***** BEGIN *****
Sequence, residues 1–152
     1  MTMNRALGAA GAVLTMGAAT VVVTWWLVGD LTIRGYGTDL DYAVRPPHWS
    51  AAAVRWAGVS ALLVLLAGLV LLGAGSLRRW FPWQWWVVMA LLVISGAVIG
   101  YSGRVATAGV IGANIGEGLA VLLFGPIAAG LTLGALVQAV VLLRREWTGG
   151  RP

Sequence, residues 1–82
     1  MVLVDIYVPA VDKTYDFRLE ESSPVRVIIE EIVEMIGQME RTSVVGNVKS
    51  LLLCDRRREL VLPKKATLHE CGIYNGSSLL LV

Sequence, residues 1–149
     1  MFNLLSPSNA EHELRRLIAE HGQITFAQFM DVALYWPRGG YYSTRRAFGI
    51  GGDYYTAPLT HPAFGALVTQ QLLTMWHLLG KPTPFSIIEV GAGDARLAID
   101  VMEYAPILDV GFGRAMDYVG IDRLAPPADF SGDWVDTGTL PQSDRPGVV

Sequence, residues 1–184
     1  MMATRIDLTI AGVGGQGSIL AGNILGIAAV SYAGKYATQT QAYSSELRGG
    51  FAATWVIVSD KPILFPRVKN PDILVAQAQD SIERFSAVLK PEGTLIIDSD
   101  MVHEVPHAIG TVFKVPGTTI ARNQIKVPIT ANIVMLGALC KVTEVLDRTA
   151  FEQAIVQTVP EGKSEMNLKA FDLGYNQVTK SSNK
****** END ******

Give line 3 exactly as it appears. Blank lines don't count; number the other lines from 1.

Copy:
    51  AAAVRWAGVS ALLVLLAGLV LLGAGSLRRW FPWQWWVVMA LLVISGAVIG